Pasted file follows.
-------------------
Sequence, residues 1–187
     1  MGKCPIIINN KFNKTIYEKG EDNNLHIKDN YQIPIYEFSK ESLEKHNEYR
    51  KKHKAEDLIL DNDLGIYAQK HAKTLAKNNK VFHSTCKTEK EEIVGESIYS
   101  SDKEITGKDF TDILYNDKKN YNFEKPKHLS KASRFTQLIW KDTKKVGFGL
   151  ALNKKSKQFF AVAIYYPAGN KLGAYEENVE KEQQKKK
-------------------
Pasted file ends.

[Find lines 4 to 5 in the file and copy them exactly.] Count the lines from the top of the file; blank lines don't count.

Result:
   101  SDKEITGKDF TDILYNDKKN YNFEKPKHLS KASRFTQLIW KDTKKVGFGL
   151  ALNKKSKQFF AVAIYYPAGN KLGAYEENVE KEQQKKK